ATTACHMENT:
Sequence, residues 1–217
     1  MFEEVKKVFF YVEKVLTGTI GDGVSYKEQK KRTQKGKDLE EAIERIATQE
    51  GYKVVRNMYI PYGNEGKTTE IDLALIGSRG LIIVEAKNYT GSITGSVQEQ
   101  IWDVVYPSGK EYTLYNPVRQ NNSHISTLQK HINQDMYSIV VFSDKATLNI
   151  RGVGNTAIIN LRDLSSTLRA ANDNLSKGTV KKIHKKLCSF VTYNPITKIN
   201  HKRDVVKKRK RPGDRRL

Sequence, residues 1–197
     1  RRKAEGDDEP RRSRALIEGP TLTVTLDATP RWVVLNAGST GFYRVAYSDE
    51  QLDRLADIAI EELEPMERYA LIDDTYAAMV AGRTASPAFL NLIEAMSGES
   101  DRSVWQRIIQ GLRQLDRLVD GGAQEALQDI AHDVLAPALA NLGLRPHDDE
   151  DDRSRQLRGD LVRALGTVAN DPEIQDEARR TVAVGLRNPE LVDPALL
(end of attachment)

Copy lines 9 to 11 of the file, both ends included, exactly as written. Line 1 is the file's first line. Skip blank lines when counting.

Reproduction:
    51  QLDRLADIAI EELEPMERYA LIDDTYAAMV AGRTASPAFL NLIEAMSGES
   101  DRSVWQRIIQ GLRQLDRLVD GGAQEALQDI AHDVLAPALA NLGLRPHDDE
   151  DDRSRQLRGD LVRALGTVAN DPEIQDEARR TVAVGLRNPE LVDPALL